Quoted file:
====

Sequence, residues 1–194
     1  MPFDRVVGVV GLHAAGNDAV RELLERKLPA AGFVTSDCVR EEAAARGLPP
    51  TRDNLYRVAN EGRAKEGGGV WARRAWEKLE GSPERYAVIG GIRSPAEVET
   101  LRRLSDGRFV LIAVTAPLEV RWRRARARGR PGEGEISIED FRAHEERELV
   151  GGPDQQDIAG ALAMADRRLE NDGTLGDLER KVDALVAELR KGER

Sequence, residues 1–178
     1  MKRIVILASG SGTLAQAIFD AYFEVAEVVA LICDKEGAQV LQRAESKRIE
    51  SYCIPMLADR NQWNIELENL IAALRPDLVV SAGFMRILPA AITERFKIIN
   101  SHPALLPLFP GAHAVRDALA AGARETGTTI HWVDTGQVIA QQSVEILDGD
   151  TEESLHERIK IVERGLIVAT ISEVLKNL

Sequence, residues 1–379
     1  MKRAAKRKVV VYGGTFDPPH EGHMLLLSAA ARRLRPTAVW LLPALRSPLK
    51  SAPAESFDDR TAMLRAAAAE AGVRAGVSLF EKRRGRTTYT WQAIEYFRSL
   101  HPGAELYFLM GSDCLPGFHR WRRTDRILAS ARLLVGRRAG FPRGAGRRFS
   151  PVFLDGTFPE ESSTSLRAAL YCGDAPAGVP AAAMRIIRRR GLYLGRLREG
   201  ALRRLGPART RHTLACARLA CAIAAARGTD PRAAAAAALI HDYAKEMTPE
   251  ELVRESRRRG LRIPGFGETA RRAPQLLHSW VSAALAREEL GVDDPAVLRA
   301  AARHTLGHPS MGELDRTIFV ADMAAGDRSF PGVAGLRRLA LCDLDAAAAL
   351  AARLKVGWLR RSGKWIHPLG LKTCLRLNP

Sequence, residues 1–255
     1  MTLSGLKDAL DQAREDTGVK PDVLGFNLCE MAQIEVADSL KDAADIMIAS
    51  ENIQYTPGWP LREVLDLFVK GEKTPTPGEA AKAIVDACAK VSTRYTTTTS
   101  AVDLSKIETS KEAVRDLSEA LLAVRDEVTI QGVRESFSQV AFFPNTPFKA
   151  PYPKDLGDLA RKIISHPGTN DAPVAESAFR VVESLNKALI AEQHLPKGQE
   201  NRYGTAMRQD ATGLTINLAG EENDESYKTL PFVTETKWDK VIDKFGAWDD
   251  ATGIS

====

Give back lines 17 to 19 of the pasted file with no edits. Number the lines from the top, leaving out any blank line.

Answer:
   251  ELVRESRRRG LRIPGFGETA RRAPQLLHSW VSAALAREEL GVDDPAVLRA
   301  AARHTLGHPS MGELDRTIFV ADMAAGDRSF PGVAGLRRLA LCDLDAAAAL
   351  AARLKVGWLR RSGKWIHPLG LKTCLRLNP